In the aftermath of Liverpool reaching the Champions League final following a historic 4-0 win over Barcelona, we look at the best statistics of the game.
The Reds had a mountain to climb on their return to Anfield, but Liverpool are synonymous with famous European comebacks—and Tuesday evening was no different.
Divock Origi got Liverpool off to a flying start, before a Gini Wijnaldum double in the second half saw the semi-final tie locked at 3-3 on aggregate with over half an hour remaining.
And after an expertly worked corner, Origi caught Barcelona napping to seal the match-winning goal which not only sent the Anfield faithful into a state of pandemonium, but also saw the Reds qualify for their second successive Champions League final.
It was yet another stunning display from Liverpool in what has been a remarkable season and now they are set for the showpiece final in Madrid in just over three weeks’ time.
Here are the best stats from the match.
Origi Seizes the Moment
Origi has been the man on the periphery for much of Liverpool’s campaign having started just five games across all competitions prior to Tuesday night.
Behind in the pecking order to the Reds’ prolific attacking trio always meant his game time was to be limited – but, that isn’t to say he has not stood up and made his presence known when called upon.
After Roberto Firmino and Mohamed Salah were ruled out for the semi-final second leg the Belgian was handed just his second start in the competition, and he more than stood up to the task.
His decisive strike to set the Reds on course for their famous victory was his first in the Champions League, and with his confidence soaring his second soon followed as he clinched what proved to be the goal which booked Liverpool their place in the Madrid showpiece.
The Belgian proved he is a player for the big occasion as his brace against Barcelona, coupled with all important winners against Everton and Newcastle (which make up four of his six goals this term) have kept the Reds in touching distance of clinching two major honours.
All told, it’s a goal every 96 minutes on the pitch for the big man this season.
The outside world had stacked the odds against Jurgen Klopp‘s men, but how many times has this side disproved the notion of what many deemed an impossible task.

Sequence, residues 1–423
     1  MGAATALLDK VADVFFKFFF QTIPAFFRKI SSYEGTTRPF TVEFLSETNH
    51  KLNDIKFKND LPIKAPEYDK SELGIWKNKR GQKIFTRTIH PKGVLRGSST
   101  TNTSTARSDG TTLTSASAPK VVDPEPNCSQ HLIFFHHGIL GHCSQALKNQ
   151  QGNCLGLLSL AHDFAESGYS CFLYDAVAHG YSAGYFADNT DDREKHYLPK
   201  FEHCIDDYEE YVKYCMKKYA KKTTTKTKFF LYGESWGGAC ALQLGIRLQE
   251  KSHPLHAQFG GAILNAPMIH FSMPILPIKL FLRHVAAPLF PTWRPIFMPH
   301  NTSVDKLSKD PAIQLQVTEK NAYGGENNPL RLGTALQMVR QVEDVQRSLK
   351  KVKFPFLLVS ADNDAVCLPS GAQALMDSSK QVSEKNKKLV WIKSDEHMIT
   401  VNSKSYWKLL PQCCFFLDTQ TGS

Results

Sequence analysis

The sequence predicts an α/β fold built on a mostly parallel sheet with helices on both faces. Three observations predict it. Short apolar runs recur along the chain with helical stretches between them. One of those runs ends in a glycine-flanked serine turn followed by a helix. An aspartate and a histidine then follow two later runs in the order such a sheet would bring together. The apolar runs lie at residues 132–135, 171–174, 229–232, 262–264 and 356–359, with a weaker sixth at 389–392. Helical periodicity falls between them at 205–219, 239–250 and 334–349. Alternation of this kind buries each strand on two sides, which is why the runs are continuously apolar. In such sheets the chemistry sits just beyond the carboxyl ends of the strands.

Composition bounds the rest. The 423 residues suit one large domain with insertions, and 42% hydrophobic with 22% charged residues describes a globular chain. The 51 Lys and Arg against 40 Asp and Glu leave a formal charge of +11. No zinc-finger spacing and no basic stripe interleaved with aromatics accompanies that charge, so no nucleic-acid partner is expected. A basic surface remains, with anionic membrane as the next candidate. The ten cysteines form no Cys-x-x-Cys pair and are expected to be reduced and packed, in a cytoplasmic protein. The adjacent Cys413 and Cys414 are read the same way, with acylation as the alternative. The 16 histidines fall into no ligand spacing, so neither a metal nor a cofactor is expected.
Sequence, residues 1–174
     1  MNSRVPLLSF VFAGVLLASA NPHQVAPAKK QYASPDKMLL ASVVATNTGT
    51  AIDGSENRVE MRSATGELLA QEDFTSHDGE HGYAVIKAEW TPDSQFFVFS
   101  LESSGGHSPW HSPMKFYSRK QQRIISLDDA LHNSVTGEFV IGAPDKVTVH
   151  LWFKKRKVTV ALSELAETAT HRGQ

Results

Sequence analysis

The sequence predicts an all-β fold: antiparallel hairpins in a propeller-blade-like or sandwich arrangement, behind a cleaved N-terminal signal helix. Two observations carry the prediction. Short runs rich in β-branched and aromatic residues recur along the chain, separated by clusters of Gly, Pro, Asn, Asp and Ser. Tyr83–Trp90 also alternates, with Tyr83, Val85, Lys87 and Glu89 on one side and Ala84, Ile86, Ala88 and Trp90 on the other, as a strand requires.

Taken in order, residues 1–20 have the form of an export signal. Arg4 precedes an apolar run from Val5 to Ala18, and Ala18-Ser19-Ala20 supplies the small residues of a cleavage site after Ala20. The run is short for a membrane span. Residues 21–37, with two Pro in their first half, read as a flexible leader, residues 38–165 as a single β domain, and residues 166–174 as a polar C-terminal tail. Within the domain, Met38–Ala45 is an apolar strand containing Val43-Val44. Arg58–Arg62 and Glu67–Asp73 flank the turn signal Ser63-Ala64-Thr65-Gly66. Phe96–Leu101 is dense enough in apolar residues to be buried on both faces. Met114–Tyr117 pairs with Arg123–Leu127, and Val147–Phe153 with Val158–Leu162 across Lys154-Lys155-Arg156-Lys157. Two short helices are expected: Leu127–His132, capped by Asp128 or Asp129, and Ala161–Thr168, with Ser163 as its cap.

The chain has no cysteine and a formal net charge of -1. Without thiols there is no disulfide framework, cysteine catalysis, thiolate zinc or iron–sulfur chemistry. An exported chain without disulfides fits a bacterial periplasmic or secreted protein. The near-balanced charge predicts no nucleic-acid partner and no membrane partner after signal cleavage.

It wasn’t to say the mountain to climb wasn’t steep, however, as the Reds’ famous 4-0 win saw them become only the third team in the history of the European Cup—in all its forms—to recover from a three-goal defeat in the first leg without an away goal or a penalty shootout, as per Andrew Beasley.
Liverpool follow only Panathinaikos (1971) and their opponents on the night Barcelona (1986) in recovering from a similar first-leg deficit.
It is an incredible stat which only goes to show the mental fortitude and the surging confidence in the side, all of which is fuelled by the belief that anything is possible.
Cometh the hour, cometh the man.
Liverpool needed three unanswered goals in the second 45 to complete mission impossible, and Wijnaldum was on hand to snatch two of them in as many minutes.
After starting the game on the bench the Dutchman was introduced as a half-time substitute following an injury to Andy Robertson, and it is where his love affair with European Cup semi-finals was rekindled.
His 45-minute cameo was as good as you will ever see, and his powerful drive beyond Marc-Andre ter Stegen set the wheels in motion before steering a header into the top corner.
It means all three of his Champions League goals have arrived in a semi-final, with his first having proved vital in overcoming Roma last season.
Trent’s Stroke of Genius
Liverpool’s full-backs have been phenomenal in racking up assists so far this season, but it was Trent Alexander-Arnold who edged ahead in the in-house competition after conjuring up a moment of pure genius.
The 20-year-old’s quick thinking from a corner set up Origi’s match-winning goal and saw the right-back’s total of assists rise to an astonishing 14 across all competitions—the most of any Liverpool player this season.
The youngster was in the thick of the action all night, where his defensive work was just as influential as his time in attack.
While his counterpart in Robertson was unable to add to his own impressive tally after being forced off at half-time, his return to the side will only ignite the duo’s competition—which will only be beneficial for the Reds’ hopes of success this term.
Klopp’s European Prowess
Three European campaigns. Three finals. And a 100 per cent success rate in two-legged European ties.
It reads as one hell of a record for Klopp as Liverpool manager, with 10 rounds of knockout ties safely navigated stemming back to the 2015/16 Europa League campaign all the way through to present day.
From Borussia Dortmund and Valencia to Manchester City, Roma, Bayern Munich and now Barcelona. They each came with their own subplot of drama, but they all equally showcased the formidable nature of Klopp’s side.
Now, all that is left to do is translate the success from the knockout stages into the final, starting in Madrid on June 1.